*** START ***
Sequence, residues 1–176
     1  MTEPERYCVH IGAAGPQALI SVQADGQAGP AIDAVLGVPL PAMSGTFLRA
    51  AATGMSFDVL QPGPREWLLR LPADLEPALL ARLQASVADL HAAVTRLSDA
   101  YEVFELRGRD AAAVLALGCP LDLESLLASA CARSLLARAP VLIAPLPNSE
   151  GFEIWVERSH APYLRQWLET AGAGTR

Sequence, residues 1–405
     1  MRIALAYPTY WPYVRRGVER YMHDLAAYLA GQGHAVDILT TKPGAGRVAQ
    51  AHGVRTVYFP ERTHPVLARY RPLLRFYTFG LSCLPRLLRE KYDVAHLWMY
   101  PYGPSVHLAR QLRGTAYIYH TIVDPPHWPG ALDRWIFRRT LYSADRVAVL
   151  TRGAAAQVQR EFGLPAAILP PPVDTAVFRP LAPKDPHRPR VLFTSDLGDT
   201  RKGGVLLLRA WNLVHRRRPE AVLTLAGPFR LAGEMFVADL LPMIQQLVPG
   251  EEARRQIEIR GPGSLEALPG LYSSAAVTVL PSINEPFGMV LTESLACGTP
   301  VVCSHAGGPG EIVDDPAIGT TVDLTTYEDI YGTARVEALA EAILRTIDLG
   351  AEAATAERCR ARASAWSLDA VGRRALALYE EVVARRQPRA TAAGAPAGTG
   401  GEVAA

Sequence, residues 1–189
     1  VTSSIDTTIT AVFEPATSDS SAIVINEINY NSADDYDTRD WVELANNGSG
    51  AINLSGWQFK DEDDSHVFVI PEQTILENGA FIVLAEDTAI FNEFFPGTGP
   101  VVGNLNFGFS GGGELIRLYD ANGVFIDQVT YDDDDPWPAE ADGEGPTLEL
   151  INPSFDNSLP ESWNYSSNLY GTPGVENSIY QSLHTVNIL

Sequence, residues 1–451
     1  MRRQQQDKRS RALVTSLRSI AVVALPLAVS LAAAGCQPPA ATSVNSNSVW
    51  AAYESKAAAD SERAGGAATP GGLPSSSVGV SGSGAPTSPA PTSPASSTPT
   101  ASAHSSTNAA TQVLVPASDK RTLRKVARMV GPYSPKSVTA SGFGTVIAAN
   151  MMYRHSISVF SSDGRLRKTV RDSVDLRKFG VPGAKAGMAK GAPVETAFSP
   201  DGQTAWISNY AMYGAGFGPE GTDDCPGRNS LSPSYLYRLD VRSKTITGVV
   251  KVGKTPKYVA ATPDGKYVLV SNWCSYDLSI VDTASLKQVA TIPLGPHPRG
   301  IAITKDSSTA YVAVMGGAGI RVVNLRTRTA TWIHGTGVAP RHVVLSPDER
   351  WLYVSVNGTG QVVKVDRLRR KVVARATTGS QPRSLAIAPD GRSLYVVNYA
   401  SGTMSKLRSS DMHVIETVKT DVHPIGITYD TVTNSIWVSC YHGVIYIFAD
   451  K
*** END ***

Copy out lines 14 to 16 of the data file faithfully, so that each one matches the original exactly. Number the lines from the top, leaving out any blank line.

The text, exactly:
   351  AEAATAERCR ARASAWSLDA VGRRALALYE EVVARRQPRA TAAGAPAGTG
   401  GEVAA

Sequence, residues 1–189